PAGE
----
If you’re planning a move, your to-do list likely includes such tasks as creating a home inventory, packing boxes and renting a moving truck. But one thing that you don’t want to forget is ensuring that others know how to reach you.

The U.S. Postal Service (USPS) offers three basic options for getting mail at your new address.

1. You can fill out a change-of-address form so that first-class mail sent to your old address is forwarded to your new home. The free service lasts for 12 months. After that, any mail sent to your old address is returned to the sender, said Sue Brennan, a USPS spokeswoman.

2. You can sign up for Premium Forwarding Service, which lets you to get mail forwarded only temporarily. This is ideal for people who have dual residences so “if they live in Maine in the summer and Florida in the winter, their mail could follow them,” Brennan said. However, there’s a cost. You must pay $15 to enroll in the service and $17 each week your mail is forwarded to you.

3. You can use the USPS’ General Delivery Service if you move to a new town but don’t yet have a permanent address. With this service, people can reach you by sending mail addressed to you, followed by the words “General Delivery” and the name of the city and the state, and the nine-digit ZIP code of the main post office. For example, a letter could be addressed to Jane Doe, General Delivery, Your Town, Your State, 11111-1234, and Jane Doe would be able to pick it up at the post office for up to 30 days after its arrival.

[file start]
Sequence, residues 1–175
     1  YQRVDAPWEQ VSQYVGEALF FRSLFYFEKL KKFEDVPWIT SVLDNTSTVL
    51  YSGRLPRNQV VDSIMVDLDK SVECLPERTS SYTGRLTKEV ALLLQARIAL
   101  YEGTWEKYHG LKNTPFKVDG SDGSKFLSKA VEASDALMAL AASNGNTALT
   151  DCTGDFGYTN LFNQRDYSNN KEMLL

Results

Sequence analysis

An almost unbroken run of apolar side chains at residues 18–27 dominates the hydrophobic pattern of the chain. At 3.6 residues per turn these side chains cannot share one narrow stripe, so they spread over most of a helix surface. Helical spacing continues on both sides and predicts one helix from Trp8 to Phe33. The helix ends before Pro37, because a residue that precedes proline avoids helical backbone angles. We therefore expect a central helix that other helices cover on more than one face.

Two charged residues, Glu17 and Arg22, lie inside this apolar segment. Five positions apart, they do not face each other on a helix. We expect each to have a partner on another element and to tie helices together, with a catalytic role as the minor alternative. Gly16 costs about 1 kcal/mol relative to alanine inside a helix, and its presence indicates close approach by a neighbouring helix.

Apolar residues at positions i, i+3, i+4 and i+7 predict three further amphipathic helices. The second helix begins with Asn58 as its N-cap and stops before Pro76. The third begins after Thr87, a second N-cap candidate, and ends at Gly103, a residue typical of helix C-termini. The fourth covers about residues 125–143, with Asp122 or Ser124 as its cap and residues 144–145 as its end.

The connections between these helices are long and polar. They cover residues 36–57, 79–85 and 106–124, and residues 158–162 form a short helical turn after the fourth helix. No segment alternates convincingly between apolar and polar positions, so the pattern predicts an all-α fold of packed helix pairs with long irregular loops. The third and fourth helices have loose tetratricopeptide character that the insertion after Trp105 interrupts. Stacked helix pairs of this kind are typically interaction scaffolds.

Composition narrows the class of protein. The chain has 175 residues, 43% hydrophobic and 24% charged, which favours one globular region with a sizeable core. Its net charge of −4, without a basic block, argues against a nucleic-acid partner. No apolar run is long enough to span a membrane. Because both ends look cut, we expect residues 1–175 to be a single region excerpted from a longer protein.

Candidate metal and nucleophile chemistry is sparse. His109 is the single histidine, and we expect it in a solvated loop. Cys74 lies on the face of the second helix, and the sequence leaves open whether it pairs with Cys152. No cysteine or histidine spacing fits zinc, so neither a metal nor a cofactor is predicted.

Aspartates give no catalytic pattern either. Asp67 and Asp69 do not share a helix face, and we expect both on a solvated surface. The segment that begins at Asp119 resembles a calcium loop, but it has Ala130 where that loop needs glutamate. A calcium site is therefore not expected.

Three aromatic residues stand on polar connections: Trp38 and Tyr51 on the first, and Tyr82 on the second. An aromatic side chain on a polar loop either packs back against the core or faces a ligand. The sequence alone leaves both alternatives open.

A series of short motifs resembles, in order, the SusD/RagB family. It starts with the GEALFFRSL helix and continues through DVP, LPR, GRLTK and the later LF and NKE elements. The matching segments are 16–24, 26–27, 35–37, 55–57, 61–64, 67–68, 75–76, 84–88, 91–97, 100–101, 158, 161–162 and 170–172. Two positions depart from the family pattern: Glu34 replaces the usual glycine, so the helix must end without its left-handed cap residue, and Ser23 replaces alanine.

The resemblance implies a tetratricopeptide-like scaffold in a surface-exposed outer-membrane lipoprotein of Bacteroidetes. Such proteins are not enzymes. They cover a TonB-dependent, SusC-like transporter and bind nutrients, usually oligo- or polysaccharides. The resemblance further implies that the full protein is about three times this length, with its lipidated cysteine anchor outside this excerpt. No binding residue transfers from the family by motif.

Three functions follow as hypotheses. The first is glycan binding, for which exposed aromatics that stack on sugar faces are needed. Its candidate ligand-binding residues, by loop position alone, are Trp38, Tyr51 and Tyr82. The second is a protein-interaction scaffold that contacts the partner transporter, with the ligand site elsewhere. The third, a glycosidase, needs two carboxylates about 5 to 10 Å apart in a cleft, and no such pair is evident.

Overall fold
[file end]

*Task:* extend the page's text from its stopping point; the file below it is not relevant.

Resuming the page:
Checking the mail

Changing Your Address Permanently

To change your address permanently, you’ll have to fill out a change-of-address form. You can fill it out online, do it at your local post office, or download the form online and mail it to your local post office. The easiest way to do so is to fill out the form online, but you’ll have to use a credit or debit card; you’ll be charged a non-refundable $1 verification fee. According to the Postal Service, the fee is designed to protect you from fraud. The USPS matches the credit or debit card information with the address it has on file to make sure that you’re the one who’s changing an address, rather than an identity thief.

When filling out the form, you’ll be asked whether it’s a permanent or temporary move and when the mail should start being forwarded.

Don’t wait until the last minute. The USPS recommends that you fill out the form a at least seven to 10 days before you need for the mail to be forwarded. You also don’t want to fill out the forms too soon. The initial mail forwarding date should not be more than three months in the future.

You’ll also have to indicate whether you’re changing an address on behalf of an individual, a family or a business. If you receive mail under more than one name, such as a maiden name or an alias, you should complete the change-of-address process for each name. Members of a family who share the same last name need to fill out only one form.

Don’t Stop With the Postal Service

While it’s important to change your address with the Postal Service, that does not remove the need to alert all of your service providers, banks and credit card issuers about your move. Since your mail is forwarded only for a year, you run the risk of having your service providers lose track of you after the time expires unless you tell them where you are.

“It is important to maintain an updated physical address because your credit card issuer will need to periodically mail important account updates and information,” said Natalie Brown, a spokeswoman for Wells Fargo.

Some creditors and service providers have their own rules about when you must let them know of the address change. For example, Discover credit cardholders must contact the company within 15 days of moving, spokeswoman Katie Henry said.

Even if you use online banking and don’t get any financial statements in the mail, you still should alert your bank and credit card companies about your address change, said Sukhi Sahni, a spokeswoman for Capital One.